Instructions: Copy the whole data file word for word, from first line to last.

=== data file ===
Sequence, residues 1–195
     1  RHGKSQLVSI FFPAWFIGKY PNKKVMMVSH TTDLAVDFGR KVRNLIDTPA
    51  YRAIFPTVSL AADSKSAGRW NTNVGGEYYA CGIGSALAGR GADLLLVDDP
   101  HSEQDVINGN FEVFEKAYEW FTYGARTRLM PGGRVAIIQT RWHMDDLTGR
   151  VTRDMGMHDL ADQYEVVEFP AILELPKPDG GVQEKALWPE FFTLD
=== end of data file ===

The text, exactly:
Sequence, residues 1–195
     1  RHGKSQLVSI FFPAWFIGKY PNKKVMMVSH TTDLAVDFGR KVRNLIDTPA
    51  YRAIFPTVSL AADSKSAGRW NTNVGGEYYA CGIGSALAGR GADLLLVDDP
   101  HSEQDVINGN FEVFEKAYEW FTYGARTRLM PGGRVAIIQT RWHMDDLTGR
   151  VTRDMGMHDL ADQYEVVEFP AILELPKPDG GVQEKALWPE FFTLD